Connor had two seconds, a third and a fourth in G1 hurdle stakes during his time on Scorpiancer.

McDermott won his first race on Scorpiancer, the G1 Lonesome Glory at Belmont on Sept. 22, 2016, and then was second in the Grand National Hurdle Stakes at Far Hills on Oct. 15.

This year, Scorpiancer won his only two starts of the season, the $200,000 G1 Calvin Houghland Iroquois by 16 lengths after his victory in the G3 Temple Gwathmey. 

Five different horses won the year's five G1 races, but Scorpiancer was the only one of them that had a second graded stakes win.

The Eclipse Awards were presented at Gulfstream Park on Jan. 25, and accepting their Eclipse trophy were the three friends who make up Bruton Street-US: Hankin, Fenwick, and Noell.

With them were Fisher and Scorpiancer's two jockeys, Hankin and McDermott, who rode him for the two 2017 wins.

"Connor was coincidentally on leave from the Marines," said Hankin. "He has three more years."

"We were sitting next to Gill Johnson, and she thought we'd win, and we thought she'd win," said Hankin. "If Mr. Hot Stuff had won, it would have been a good story. He deserved to win. All the Way Jose had an incredible year. We put up three very good horses for the Eclipse Award this year."

Hankin spoke for the partnership in accepting the Award.

"He's a really good horse. And we've been really, really lucky to be part of a fun team watching this horse come over from England and run so well here," Hankin said.

"It's a privilege to be here with all of you," said Hankin. "Steeplechase racing has long been thought of as a great afterlife for flat horses. It's gotten pretty exciting. The last year, the biggest purse of the year was $400,000 and it's going up to $500,000 in two years. We're big on our sport, and we appreciate being recognized as part of thoroughbred flat racing tonight."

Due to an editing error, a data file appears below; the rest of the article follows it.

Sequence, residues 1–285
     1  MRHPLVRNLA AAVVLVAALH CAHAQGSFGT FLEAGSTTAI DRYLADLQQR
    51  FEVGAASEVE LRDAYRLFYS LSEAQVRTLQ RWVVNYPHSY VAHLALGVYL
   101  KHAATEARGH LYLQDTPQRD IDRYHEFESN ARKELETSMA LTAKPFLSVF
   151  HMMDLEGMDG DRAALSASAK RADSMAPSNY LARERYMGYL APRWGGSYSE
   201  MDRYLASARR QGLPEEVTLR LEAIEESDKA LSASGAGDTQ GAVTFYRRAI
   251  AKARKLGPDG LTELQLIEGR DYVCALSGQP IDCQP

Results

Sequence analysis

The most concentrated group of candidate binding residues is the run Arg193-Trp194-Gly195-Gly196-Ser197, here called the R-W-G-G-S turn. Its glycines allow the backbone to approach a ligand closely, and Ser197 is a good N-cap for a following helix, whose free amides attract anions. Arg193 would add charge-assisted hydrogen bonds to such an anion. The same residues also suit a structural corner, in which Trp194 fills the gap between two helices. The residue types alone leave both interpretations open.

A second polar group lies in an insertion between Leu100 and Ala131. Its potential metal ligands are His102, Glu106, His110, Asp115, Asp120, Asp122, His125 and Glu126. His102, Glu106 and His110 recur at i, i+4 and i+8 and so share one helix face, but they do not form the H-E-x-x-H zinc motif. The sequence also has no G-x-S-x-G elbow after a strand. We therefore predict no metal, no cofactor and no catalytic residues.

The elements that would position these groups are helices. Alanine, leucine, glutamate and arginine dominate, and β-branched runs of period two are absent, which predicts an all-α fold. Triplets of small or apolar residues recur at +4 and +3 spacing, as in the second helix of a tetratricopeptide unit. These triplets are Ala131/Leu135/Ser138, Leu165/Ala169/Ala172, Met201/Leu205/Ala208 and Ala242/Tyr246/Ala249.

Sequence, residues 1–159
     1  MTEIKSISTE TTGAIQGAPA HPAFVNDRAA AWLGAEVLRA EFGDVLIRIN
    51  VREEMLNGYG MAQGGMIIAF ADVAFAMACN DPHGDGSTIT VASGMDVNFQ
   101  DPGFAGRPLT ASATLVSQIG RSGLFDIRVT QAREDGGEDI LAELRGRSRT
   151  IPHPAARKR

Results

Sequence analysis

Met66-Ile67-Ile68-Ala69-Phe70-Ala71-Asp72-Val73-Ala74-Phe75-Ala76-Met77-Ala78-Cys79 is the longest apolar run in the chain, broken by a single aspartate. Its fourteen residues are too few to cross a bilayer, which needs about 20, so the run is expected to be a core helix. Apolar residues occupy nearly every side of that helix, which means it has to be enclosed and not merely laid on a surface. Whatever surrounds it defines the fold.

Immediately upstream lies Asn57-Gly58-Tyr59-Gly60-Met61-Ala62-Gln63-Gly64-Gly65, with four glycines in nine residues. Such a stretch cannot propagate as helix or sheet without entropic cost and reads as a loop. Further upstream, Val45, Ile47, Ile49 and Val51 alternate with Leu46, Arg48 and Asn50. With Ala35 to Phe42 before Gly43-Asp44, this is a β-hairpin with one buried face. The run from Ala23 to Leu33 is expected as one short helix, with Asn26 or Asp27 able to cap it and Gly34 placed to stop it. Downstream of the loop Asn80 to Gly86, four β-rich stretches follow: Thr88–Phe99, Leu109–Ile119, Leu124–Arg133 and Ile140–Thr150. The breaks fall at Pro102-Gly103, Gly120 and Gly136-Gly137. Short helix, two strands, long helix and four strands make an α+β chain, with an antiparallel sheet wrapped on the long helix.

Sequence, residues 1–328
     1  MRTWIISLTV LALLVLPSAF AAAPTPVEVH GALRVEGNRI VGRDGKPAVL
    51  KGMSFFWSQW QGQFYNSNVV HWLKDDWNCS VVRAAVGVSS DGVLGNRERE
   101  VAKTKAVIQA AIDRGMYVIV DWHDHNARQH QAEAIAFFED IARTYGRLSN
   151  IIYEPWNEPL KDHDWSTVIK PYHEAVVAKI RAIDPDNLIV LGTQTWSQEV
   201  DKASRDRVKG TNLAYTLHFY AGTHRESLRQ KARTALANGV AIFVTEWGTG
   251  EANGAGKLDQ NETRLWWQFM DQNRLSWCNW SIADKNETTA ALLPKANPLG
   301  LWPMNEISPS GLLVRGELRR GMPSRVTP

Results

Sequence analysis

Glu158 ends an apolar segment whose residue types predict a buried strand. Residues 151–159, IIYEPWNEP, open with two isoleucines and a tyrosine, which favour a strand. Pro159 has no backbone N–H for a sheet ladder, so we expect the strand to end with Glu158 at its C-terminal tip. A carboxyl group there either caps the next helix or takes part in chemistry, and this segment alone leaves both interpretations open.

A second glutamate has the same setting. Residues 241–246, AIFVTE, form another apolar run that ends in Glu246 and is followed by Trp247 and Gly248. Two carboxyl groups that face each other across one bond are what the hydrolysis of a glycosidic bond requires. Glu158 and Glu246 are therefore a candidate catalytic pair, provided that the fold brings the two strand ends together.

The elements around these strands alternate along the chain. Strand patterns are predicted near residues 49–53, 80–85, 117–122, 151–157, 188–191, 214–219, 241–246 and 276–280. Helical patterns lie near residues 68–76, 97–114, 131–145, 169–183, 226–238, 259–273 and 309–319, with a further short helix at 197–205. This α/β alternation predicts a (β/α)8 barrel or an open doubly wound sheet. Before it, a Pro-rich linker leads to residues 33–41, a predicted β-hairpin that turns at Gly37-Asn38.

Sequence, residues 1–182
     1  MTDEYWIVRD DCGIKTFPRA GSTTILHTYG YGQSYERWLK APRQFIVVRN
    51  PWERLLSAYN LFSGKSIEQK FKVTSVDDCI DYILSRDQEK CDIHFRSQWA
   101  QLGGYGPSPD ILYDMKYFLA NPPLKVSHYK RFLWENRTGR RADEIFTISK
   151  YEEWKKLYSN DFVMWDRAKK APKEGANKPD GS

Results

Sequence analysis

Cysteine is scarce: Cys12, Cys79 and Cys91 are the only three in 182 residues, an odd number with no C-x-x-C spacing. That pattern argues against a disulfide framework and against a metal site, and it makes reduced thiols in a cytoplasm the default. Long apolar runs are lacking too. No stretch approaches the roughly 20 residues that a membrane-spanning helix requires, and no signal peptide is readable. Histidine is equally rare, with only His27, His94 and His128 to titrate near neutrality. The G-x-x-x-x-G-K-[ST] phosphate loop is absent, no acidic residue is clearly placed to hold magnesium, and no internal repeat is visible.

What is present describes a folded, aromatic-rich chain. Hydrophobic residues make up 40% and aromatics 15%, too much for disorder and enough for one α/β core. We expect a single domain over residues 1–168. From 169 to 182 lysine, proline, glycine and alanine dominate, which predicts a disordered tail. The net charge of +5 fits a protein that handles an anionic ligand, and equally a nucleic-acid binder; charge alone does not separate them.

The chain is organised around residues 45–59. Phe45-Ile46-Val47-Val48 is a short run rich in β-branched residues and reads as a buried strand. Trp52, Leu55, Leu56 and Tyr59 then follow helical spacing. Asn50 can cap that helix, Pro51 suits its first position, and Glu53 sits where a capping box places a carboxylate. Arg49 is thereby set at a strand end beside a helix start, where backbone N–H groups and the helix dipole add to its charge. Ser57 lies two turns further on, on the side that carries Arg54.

Scopiancer, who suffered a bowed tendon and did not race after his Iroquois victory in Nashville on May 13, topped the NSA's Theoretical Handicap at 158 pounds.

Other finalists for the Eclipse were Gillian Johnston's Mr. Hot Stuff, winner of the $400,000 G1 Grand National at Far Hills, N.J., on Oct. 21, and Buttonwood Farm's All the Way Jose, who won Belmont Park's $150,000 G1 Lonesome Glory Handicap on Sept. 21. They were rated at 148 pounds in the Theoretical Handicap.

Scorpiancer led the Eclipse balloting with 92 votes, followed by All the Way Jose at 70 and Mr. Hot Stuff at 35.

Also receiving votes were Robert Kinsley's Modem (7), Flying Elvis Stable's Diplomat (4), and Rosbrian Farm's Swansea Mile (3).

Fisher also trained Mr. Hot Stuff, and All the Way Jose was trained by Racing Hall of Fame member Jonathan Sheppard.

The Eclipse Awards are decided by voting of National Thoroughbred Racing Association racing secretaries, editors and writers of Daily Racing Form, and members of the National Turf Writers and Broadcasters Association.

Fisher said that they didn't operate on the bowed tendon, and Scorpiancer has been recovering at his farm.

"He won't run back until this fall," said Fisher.